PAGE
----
Injustice Never Gets the Last Word

Injustice Never Gets the Last Word
Cincinnati’s Racial Wound

On July 19th, an old Cincinnati wound that has been slowing healing for the past 14 years was reopened when white University of Cincinnati campus police officer Ray Tensing shot and killed African American Samuel Dubose. Mr. Dubose was pulled over for not having OH state tags on the front of his car. Major news outlets from around the world have been covering this story (Cincinnati.comMSNBC, BBC, Foxnews). Before the grand jury’s indictment was announced, the mood around town was tense. University classes were cancelled. Police were on high alert.

Personally, this all hit home because the shooting occurred in my home neighborhood, Mt. Auburn. The church I planted 5 years ago is home to dozens of UC students who walk to church each week. On July 19th, while I was preaching a sermon about how Christians can faithfully navigate America’s cultural decline, Samuel Dubose was being shot in the head and killed less than a mile away.

The Best and the Worst

Earlier this month, I was proud to call Cincinnati my home when we hosted MLB’s All Star game and local legend Todd Frazier won the home run derby. It was electric. Downtown Cincinnati is vibrant and alive, with a gorgeous riverfront park that invites people from all over the region to sit on our city’s front porch. Just north of downtown, Over the Rhine is a neighborhood undergoing its own unbelievable renaissance, with millions of dollars of redevelopment being invested. This isn’t just hometown pride, others have taken notice, such as National Geographic. Even local Cincinnatians who have inherited her inferiority complex have asked forgiveness and fallen in love (language alert) all over again with our city.

Yet our problems persist. Much of Cincinnati’s current success is due to a dark past of racism and injustice, even if so many of us are unaware of it. For better or worse, this is the city I love and have committed my life to. This is the neighborhood where my kids play. This is where my church is. But we’re sick of the caution tape. We’re sick of the teddy bear memorials on street corners.

We see the best and worst of city life.

The Samuel Dubose shooting shows us that we’ve still got a long way to go. When a white person is pulled over by the police for a minor traffic violation, we think, “Oh crap. I might get a ticket.” But many African Americans don’t have the same experience. Some will tell you getting pulled over by police can be a terrifying experience. And now there’s video evidence (**graphic**) that proves the point. Samuel Dubose should be alive today. Prosecutor Joe Deters called this the most asinine police incident he’s ever witnessed. His outrage gave voice to countless African Americans who feel unfairly targeted and mistreated by police who haven’t had video evidence.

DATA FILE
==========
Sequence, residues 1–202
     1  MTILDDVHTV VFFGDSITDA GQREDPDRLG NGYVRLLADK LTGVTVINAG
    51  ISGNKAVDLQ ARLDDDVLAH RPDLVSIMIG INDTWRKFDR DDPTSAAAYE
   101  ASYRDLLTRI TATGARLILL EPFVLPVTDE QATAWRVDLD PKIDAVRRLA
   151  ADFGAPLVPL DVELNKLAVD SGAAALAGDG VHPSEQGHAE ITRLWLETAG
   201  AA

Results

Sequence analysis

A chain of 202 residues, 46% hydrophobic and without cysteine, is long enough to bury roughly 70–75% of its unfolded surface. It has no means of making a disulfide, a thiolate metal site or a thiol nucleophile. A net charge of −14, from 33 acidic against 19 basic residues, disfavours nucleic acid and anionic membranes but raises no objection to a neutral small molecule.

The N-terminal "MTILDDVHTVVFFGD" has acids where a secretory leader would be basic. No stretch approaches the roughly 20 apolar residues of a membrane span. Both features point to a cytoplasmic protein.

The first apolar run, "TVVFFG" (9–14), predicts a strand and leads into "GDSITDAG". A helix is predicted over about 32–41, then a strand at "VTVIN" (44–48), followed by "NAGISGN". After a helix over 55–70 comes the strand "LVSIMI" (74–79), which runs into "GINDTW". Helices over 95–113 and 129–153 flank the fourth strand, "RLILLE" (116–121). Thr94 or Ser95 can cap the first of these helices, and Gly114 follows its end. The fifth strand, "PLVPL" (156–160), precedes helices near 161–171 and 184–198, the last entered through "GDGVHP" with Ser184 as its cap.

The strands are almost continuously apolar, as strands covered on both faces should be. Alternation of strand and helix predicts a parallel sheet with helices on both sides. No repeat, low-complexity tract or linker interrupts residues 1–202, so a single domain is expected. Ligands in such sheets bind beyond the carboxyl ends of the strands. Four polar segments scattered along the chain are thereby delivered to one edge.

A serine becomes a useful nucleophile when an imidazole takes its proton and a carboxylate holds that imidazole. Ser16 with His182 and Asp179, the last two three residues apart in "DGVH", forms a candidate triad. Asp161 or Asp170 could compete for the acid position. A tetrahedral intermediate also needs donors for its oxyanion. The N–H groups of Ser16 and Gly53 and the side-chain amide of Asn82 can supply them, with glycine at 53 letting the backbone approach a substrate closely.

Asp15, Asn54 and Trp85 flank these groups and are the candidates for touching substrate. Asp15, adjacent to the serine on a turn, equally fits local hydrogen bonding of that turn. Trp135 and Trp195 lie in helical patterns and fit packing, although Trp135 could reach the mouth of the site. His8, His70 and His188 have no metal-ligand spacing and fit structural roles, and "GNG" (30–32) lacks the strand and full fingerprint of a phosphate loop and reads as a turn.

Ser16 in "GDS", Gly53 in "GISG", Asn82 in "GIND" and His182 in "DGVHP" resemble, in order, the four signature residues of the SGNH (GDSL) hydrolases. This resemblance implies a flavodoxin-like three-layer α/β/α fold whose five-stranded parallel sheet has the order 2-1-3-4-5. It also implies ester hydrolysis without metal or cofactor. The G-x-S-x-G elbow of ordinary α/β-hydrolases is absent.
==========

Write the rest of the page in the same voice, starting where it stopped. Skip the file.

Righteousness and Justice

The bible frequently pairs the words “righteousness” and “justice” (see Psalm 72 for example). Righteousness is the standard of what is truly good, rooted in God’s holy character and love. Justice is the community’s response to unrighteousness and injustice.

As the church, Christians should pray for and promote God’s righteousness in our city, but also fight against injustice when we see it. In so doing, we are pointing people to the good and righteous King who ultimately provides both.

Fighting for righteousness and justice shows us that God himself is the Ultimate Good. Proclaiming God’s righteousness exposes the sin in our world, our cities, and in our own hearts. Fighting for justice shows us that God is bringing all injustice to an ultimate end.

The Hope of God’s Kingdom

That’s the hope of God’s Kingdom. Jesus is the righteous ruler who will bring God’s righteousness and justice to us. And Jesus’ kingdom was bought and paid for through the ultimate injustice, the cross.

Jesus himself was an innocent man who was unfairly targeted by the authorities. Jesus was convicted of a crime he did not commit. Jesus was tortured and killed by people who hated him. There is no greater injustice than what happened at the cross. Yet in Jesus’ resurrection, we see that injustice never gets the last word. Life does. And having conquered the ultimate enemy, death, Jesus promised that all injustice will be made right and God’s righteousness will be absolute.